In the course of her life, Pamela Reed has been paying great attention to the spiritual aspect of life. As she evolved as a professional nursing theorist achieving bachelor’s and master’s degrees, and Ph.D., she applied the concept of spirituality to nursing health, well-being, end-of-life care, and other spheres of her research interest. According to Reed (2014), her theory is based on previous research of human development concepts, understanding of life through aging, an extension of life, and dying. Through such concepts, Reed imagined self-transcendence as a continuous path to building knowledge and developing an understanding of health and life.
In addition to that, the origins of Reed’s Self-Transcendence theory seem to be found in early theoretical concepts of Martha E. Rogers (Lerner, Theokas, & Bobek, 2005). The principles of Rogers’ understanding of development revolved around viewing it as a part of a human’s basic cognitive function that is influenced by external factors. Development, according to Rogers (Lerner et al., 2005) is fostered by the lack of alignment between the environment and humans. Reed’s own clinical practice also become one of the underlying motives in her theory. Her care practice and frequent communication with terminally ill and older adults made her reassess the process, and purpose of building knowledge.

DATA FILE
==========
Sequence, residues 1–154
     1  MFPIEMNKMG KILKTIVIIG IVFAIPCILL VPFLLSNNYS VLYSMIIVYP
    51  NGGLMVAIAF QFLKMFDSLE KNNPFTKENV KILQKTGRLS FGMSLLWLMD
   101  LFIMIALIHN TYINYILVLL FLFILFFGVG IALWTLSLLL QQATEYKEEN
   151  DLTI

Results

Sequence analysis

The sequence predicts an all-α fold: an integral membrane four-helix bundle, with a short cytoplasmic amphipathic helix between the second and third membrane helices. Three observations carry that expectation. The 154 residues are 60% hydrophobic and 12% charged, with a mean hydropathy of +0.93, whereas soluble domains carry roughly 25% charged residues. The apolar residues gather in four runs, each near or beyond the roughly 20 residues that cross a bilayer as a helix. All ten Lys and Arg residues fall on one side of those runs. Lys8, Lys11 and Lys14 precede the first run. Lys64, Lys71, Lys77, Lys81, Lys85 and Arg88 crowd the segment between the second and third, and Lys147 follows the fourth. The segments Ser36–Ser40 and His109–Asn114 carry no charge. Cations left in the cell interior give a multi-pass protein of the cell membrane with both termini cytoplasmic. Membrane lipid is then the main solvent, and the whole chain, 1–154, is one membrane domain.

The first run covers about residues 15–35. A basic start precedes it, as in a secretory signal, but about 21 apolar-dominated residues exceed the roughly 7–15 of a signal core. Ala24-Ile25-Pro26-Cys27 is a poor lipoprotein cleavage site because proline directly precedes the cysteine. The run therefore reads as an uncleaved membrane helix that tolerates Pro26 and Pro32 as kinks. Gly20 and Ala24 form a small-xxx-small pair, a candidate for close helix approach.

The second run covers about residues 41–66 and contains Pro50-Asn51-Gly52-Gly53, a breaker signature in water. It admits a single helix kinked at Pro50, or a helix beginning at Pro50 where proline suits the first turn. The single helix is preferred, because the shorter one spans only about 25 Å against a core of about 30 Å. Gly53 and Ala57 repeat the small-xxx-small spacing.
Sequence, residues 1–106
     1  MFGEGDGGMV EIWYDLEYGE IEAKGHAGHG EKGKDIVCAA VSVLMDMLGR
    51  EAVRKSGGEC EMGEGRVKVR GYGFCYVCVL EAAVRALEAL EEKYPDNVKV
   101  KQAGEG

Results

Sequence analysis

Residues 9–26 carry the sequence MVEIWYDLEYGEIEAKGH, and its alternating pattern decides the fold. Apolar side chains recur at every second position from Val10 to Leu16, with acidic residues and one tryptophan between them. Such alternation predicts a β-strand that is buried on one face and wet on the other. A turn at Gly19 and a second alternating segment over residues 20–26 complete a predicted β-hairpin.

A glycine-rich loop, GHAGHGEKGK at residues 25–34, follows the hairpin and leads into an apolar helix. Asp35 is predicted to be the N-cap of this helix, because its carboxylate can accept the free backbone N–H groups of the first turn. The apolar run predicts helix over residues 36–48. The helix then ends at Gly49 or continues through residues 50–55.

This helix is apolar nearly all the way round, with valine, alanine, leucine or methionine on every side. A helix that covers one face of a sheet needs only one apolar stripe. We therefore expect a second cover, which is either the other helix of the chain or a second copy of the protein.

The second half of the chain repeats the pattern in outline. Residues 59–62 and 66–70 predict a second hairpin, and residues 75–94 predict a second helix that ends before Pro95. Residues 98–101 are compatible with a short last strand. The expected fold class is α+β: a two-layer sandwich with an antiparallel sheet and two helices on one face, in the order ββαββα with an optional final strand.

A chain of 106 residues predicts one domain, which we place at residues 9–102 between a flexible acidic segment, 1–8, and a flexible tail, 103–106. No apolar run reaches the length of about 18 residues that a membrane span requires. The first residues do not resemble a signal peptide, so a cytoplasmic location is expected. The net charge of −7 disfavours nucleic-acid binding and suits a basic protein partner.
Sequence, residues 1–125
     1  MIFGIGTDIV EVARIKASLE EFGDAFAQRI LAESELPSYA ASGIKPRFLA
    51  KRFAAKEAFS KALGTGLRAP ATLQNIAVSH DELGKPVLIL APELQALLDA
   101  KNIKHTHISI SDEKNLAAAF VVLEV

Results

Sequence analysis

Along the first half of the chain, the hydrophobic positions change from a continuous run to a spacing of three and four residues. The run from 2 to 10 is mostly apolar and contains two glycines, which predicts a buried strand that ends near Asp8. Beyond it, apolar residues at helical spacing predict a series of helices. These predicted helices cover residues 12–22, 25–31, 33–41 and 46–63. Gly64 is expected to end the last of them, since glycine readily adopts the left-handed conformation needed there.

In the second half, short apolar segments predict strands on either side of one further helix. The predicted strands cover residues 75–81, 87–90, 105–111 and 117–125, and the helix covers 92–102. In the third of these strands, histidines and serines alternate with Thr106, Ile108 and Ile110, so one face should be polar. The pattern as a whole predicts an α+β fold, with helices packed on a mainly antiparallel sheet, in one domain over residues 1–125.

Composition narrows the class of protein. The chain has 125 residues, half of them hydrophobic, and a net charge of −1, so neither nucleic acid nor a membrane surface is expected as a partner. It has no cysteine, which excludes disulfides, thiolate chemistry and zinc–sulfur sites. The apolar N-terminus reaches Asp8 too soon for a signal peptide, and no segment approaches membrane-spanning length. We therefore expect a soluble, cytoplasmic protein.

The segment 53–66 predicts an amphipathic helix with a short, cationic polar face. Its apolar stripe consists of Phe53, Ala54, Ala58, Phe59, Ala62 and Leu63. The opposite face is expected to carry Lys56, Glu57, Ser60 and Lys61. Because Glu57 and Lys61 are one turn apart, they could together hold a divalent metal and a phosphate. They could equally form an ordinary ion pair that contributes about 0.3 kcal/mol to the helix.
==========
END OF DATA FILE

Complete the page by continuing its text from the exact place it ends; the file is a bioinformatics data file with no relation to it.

Previous Application of the Theory
One of the early applications of the theory was grounded mainly in gerontology. Reed’s theory presupposes the developmental nature of senior people, which needs to be maintained through continuous stimulation of their cognitive process in order to maintain good health and wellbeing in such patients. Given these considerations, Reed applied her theory to measuring depression in older adults. For the purposes of such research, Reed devised a Developmental Resources of Later Adulthood (DRLA) scale consisting of 36 items. Higher DRLA scores usually indicated a low level of depression (McCarthy, Ling, & Carini, 2013). The scale helped address the developmental needs of senior patients and alleviate the symptoms of their depression through caring for their spiritual and other needs.